If you are looking for an easy and very worthwhile day trip from Rome, look no further than the beautiful medieval hill town of Orvieto. Located in Umbria about 60 miles north of Rome, you can reach Orvieto in a little over an hour by train from Rome’s Termini Station. Once you arrive, you will find yourself at the foot of the town, which is built upon volcanic rock known as tufo in Italian.
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The train station in Orvieto is located in the lower, newer part of town. Most visitors don’t spend any time here, as there isn’t much to do or see. Instead, buy a ticket for the funicular at the station and take a quick ride up the hill into the old and charming area of town.
Once off the funicular, though, you’re still not in the heart of Orvieto. You can either walk for about 10-15 minutes, or get on a city mini-bus (fare is included in your funicular ticket) to get to the main piazza. Located right on the piazza is the tourist information center, where you can get a free map of the town. There is also someone there to answer any questions you might have.
Also located in the main piazza is the stunning Duomo. Lorenzo Maitani began construction on the facade of the cathedral around 1300, but it took over 100 years to complete. Covered with colorful mosaics and intricate carvings, the Gothic structure it is absolutely breathtaking.
Inside the Duomo, do not miss the Chapel of San Brizio. The walls of the chapel are covered with frescoes by Luca Signorelli. His detailed images of Judgement Day, the resurrection of the dead, Heaven and Hell will leave you speechless.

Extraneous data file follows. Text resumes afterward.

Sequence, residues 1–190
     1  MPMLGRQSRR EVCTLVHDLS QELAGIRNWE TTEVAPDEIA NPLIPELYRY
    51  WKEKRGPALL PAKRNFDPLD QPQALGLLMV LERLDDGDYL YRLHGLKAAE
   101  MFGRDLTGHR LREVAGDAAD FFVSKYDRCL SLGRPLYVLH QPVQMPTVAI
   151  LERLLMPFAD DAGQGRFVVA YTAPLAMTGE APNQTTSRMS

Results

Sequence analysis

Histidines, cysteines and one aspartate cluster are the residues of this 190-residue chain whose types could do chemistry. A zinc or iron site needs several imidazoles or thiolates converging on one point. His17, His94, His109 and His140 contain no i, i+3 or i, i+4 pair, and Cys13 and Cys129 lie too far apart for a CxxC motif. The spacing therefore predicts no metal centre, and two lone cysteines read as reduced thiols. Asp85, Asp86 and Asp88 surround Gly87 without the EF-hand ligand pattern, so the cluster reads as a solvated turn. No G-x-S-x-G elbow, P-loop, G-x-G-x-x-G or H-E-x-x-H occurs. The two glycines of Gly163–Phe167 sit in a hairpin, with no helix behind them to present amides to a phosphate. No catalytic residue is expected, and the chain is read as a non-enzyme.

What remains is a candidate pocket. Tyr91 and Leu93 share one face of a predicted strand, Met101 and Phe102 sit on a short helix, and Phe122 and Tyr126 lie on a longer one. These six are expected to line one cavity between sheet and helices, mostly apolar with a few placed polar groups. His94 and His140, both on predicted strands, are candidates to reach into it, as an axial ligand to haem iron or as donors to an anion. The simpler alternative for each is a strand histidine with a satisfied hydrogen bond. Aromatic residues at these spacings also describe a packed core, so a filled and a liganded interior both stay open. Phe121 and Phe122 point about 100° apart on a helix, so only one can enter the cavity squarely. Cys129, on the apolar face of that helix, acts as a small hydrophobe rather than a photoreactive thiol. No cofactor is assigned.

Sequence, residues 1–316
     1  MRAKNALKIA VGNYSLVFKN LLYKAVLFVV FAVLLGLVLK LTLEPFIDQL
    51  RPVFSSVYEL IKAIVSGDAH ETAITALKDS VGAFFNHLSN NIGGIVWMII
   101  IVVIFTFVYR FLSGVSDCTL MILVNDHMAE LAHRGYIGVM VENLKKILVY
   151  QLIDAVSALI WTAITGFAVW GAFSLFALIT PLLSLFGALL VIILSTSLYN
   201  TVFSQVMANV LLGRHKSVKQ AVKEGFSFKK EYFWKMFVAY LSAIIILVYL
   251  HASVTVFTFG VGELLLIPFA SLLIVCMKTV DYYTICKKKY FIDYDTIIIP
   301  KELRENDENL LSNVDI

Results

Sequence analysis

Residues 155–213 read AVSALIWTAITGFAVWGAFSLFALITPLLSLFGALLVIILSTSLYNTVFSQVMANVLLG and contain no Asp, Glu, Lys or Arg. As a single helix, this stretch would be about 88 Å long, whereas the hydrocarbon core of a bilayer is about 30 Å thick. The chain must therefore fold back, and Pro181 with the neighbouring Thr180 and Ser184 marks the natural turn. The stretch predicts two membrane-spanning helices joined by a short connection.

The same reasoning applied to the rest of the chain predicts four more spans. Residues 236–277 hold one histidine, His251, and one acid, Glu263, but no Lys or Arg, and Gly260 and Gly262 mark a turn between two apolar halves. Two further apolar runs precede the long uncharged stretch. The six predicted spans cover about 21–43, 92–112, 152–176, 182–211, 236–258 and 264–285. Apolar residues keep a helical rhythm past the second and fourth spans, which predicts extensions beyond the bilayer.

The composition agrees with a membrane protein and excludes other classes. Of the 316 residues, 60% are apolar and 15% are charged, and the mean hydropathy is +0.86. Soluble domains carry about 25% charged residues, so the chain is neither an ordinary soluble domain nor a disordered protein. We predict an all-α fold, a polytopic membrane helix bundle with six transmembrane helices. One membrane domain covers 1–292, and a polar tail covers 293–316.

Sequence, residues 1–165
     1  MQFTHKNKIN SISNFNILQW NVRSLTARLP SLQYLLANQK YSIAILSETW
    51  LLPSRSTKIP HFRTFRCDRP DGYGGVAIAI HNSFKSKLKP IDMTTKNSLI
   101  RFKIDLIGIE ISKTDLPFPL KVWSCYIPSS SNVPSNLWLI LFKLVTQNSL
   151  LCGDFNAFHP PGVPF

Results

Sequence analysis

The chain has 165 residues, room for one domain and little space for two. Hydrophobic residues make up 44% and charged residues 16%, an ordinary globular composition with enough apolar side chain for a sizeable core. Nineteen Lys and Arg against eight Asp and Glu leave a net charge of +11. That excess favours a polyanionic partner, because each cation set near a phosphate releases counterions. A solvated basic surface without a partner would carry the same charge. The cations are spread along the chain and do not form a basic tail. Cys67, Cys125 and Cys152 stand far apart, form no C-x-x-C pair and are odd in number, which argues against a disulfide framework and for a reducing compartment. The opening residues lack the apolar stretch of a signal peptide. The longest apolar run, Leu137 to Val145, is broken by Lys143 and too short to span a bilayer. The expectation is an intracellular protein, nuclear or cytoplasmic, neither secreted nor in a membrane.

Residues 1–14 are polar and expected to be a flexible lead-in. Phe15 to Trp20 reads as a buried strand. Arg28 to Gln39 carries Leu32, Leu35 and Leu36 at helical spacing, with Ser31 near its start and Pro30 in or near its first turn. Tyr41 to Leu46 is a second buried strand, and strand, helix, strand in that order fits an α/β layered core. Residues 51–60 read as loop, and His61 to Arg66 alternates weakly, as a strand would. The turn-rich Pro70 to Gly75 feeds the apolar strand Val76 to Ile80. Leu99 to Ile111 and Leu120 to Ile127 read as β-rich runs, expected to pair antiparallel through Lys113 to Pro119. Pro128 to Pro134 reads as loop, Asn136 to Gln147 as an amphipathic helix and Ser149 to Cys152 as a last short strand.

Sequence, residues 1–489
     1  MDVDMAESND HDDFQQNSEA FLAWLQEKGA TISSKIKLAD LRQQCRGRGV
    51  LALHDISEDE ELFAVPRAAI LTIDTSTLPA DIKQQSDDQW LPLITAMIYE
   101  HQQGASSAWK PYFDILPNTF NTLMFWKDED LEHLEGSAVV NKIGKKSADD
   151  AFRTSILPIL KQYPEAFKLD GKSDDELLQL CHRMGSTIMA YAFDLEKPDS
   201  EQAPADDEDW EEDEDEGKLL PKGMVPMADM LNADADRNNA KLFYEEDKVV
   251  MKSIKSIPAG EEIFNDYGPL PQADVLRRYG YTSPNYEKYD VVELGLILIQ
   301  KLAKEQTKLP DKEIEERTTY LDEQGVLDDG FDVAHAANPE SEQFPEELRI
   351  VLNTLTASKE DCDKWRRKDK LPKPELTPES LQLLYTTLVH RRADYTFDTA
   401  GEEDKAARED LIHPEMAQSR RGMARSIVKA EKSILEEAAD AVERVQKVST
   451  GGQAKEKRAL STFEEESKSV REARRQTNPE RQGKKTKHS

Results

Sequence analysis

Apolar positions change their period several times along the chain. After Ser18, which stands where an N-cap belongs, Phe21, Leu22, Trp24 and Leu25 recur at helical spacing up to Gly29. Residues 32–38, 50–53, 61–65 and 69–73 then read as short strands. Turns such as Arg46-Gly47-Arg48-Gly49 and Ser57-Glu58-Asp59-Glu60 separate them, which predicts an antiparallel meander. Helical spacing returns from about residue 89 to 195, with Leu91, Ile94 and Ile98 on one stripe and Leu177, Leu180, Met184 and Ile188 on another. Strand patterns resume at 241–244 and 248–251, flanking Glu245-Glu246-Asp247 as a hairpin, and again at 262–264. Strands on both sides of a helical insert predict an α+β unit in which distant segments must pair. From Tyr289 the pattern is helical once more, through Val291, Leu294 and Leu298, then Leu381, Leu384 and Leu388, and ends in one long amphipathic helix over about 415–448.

After visiting the Duomo, you can visit the Palazzi Papali, which are medieval palaces filled with art, or simply spend time strolling around the quaint town. Its winding cobblestone streets are filled with all kinds of shops and plenty of good restaurants.
If you enjoy beautiful Italian ceramics, this is a great town to find really nice pieces at good prices. We bought several at this shop:
But the one thing you simply can’t leave Orvieto without is their world-famous Classico wine. The volcanic soil in the area is rich with minerals, and has produced grapes that are turned into the delicious, semi-sweet white wine since the Estruscan era. The owner at this shop was very knowledgeable and gladly wrapped up our bottles to survive the trip home:
When we went to Orvieto, our outbound train from Rome was delayed for almost two hours (not an uncommon occurrence with Italy’s train system). Unfortunately, that meant that we didn’t have time to take a tour of the underground caves or see St. Patrick’s Well – which are both things I’ve heard are very interesting and worthwhile. Maybe in my next life I can come back as this cat, who seemed to pretty much have it made:
When we were walking back through the main piazza at the end of the day, it was just around dusk and I captured this shot of the Duomo, which is still one of my favorites (no filter at all on this pic):
It always reminds me how beautiful the town is.
Have you ever been to Orvieto? What was your favorite thing about it?